The Basics of Administration: What's it all about?

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Let’s discuss the basic mechanics of what a Voluntary Administration is all about and how the process can work for an insolvent client.

Set out below are the answers to some of the most common questions we are asked about Administrations. The answers are broad and generic and in all instances we recommend that specific advice be obtained before acting in response to any one of the questions:

When should a company go into Voluntary Administration?

When a company has become insolvent or is likely to become insolvent and there are no other legally available alternatives to come to an arrangement with the company's suppliers.

Often, this occurs when key suppliers can not be paid or the company has suffered a judgement debt that can not be met.

How do you appoint an Administrator?

The directors of the company appoint an Administrator after obtaining the consent of the proposed appointee, passing a resolution and executing a formal notice.

What happens next?

When an Administrator is appointed, he/she takes over control of the company and manages it in the interest of all creditors. The Administrator calls two meetings of creditors. The first is held one week after the appointment and the second is held roughly one month after the appointment. Over this period of time the directors devise a plan for the recovery of the company. This plan is presented to the creditors and voted on at the second meeting of creditors.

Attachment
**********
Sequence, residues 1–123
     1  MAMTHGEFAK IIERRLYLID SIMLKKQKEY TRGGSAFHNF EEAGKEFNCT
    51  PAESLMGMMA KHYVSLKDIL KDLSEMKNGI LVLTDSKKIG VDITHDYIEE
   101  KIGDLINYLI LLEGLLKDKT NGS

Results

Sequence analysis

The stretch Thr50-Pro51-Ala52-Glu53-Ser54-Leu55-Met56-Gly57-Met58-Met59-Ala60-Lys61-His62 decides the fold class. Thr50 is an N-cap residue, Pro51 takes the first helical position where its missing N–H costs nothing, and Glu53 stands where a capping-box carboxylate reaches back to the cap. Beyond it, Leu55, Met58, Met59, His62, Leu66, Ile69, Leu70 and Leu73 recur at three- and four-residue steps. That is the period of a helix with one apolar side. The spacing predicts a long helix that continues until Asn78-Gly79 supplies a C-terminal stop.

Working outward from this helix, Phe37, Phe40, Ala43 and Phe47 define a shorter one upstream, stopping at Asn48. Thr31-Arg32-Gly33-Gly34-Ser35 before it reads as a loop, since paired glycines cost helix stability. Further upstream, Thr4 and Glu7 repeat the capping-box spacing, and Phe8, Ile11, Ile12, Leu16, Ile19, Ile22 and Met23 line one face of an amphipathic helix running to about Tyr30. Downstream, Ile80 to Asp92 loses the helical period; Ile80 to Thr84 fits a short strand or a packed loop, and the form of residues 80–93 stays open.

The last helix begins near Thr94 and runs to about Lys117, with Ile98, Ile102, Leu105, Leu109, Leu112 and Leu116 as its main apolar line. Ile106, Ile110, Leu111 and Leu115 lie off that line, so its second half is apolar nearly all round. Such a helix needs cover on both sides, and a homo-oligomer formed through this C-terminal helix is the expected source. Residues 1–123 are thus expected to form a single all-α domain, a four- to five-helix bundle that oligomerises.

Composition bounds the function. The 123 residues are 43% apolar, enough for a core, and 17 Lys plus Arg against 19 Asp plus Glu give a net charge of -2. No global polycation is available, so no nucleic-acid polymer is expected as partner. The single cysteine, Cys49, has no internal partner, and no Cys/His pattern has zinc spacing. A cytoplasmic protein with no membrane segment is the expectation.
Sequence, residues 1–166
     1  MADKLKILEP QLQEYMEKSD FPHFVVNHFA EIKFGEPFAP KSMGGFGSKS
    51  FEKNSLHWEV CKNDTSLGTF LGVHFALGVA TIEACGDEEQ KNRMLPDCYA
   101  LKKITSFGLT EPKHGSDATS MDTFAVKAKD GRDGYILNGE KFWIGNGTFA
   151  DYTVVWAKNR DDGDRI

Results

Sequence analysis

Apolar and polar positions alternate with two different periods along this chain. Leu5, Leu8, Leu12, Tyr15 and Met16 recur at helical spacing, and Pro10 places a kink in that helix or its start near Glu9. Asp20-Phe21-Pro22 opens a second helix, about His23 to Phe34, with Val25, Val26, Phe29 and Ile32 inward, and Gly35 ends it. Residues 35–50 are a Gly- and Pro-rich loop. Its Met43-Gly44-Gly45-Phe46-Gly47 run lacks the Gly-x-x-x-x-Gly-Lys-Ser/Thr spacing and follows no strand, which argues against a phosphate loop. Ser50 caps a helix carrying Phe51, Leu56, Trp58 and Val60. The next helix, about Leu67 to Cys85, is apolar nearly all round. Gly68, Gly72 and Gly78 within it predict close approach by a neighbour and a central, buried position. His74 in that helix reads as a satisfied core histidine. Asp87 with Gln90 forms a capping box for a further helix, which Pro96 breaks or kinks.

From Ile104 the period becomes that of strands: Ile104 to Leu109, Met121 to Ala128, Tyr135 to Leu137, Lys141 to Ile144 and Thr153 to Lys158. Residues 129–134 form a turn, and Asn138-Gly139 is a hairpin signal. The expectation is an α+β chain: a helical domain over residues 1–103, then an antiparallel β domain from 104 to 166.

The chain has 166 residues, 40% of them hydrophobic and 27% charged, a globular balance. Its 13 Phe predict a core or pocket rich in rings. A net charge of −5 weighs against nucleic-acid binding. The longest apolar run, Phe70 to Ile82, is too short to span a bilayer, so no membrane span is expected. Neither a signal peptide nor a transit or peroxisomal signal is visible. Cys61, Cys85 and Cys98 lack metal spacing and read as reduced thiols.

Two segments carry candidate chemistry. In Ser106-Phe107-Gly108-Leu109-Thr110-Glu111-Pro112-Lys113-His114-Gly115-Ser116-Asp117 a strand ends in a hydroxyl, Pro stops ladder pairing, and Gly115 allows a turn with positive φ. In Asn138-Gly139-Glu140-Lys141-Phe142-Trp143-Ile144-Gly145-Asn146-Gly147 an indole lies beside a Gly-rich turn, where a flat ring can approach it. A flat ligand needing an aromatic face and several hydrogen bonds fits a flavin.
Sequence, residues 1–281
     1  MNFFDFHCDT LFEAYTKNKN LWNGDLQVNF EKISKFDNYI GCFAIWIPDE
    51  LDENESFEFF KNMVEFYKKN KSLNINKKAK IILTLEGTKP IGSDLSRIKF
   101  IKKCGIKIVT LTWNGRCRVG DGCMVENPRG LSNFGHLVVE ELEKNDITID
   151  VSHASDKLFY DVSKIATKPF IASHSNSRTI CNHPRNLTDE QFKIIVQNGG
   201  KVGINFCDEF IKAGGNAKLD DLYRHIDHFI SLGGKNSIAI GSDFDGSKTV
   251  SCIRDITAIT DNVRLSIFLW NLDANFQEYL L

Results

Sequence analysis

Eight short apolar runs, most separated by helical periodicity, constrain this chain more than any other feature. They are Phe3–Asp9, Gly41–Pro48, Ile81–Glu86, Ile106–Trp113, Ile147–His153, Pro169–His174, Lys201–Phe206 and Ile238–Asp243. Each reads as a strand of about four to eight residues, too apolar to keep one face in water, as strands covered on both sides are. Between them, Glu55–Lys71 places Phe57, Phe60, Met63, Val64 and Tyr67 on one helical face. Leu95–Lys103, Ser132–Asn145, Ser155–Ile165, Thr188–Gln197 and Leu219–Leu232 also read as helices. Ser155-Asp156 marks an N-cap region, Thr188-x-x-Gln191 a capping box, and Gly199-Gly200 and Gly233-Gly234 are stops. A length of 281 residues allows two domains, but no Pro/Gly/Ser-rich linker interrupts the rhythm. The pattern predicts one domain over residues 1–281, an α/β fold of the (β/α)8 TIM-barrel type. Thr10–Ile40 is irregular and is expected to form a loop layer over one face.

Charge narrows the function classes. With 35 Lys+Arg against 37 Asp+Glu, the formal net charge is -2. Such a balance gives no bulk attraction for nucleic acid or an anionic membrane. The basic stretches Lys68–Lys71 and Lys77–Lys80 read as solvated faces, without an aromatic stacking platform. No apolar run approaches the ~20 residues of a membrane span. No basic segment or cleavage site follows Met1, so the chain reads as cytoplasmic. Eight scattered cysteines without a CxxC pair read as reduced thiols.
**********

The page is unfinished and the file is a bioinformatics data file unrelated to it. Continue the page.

What is the Outcome?

If creditors accepted the proposal offered to them, the company would execute a Deed of Company Arrangement which freezes all unsecured creditors claims so that they can be satisfied in the Deed. The directors regain control of the company and can continue to trade it as soon as the Deed is signed by all parties.

If no proposal is put to the creditors, or the proposal is rejected, the company will pass into liquidation.

The above are simple answers to typical questions. There are many other issues to be considered regarding Voluntary Administrations that need far more detailed responses.

Macks Advisory can help and advise companies and directors with solvency problems and can act as a Voluntary Administrator if such an appointment is necessary. Members with queries are invited to contact Peter Macks of Macks Advisory on 08 8231 3323 or e-mail